By Dave Warner
PHILADELPHIA (Reuters) - A Pennsylvania judge on Friday rejected a push by civil libertarians to issue a ruling this week in a battle over advertisements publicizing a new voter identification law in the state.
Commonwealth Court Judge Robert Simpson said that he would stick with an October 30 deadline requiring the state respond to the American Civil Liberties Union's complaint that the advertisements are misleading.
"The response time is reasonable under the circumstances," wrote Simpson, an elected judge who earlier this month issued a temporary injunction preventing the voter identification law from being used for the November 6 election.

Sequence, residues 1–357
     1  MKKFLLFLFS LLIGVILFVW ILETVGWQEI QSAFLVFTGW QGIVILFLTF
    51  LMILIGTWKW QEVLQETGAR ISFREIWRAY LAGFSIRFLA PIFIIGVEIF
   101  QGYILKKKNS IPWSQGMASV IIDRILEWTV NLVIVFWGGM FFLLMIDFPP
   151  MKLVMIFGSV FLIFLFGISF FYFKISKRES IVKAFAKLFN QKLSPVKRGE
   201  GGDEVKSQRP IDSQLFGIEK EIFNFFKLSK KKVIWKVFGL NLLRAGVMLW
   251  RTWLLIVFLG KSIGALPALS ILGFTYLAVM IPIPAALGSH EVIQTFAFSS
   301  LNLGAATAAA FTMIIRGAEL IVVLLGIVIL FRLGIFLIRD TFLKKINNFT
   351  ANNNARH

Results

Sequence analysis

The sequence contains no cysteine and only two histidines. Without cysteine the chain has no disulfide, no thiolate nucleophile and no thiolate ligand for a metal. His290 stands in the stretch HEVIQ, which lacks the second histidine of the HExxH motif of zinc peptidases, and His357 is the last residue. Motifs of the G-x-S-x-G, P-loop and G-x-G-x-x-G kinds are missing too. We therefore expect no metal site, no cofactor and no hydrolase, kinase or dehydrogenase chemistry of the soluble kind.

The ACLU wanted Simpson, a Republican, to rule this week on an advertising campaign that was rolled out to publicize the law and which continues to run in amended form on buses and on posters across the state.
It says the current ads are misleading because they continue to carry the original slogan "Show It" with the tagline "if you have it" in small print.
The ACLU challenged the voter ID law, arguing that it discriminates against minorities, who often favor Democratic candidates. Supporters of the law, which was passed in March by the state's Republican-led legislature without a single Democratic vote, said it would prevent voter fraud.
(Editing by Barbara Goldberg and Paul Simao)